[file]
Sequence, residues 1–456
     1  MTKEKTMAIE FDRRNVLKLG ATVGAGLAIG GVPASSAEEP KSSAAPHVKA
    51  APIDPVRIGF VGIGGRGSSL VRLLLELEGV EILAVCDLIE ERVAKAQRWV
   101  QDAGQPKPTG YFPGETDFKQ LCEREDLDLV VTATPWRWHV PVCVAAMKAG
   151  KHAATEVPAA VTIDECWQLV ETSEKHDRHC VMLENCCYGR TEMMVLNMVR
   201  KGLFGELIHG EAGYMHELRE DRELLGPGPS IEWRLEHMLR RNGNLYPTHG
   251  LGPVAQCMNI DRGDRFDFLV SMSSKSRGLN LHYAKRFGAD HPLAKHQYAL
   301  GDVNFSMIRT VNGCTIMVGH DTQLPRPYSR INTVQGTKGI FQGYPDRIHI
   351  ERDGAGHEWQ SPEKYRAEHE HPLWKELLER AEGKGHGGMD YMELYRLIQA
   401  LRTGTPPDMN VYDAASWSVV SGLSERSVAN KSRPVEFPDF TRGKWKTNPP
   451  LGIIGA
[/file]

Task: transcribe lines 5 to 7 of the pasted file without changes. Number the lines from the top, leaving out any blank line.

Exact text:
   151  KHAATEVPAA VTIDECWQLV ETSEKHDRHC VMLENCCYGR TEMMVLNMVR
   201  KGLFGELIHG EAGYMHELRE DRELLGPGPS IEWRLEHMLR RNGNLYPTHG
   251  LGPVAQCMNI DRGDRFDFLV SMSSKSRGLN LHYAKRFGAD HPLAKHQYAL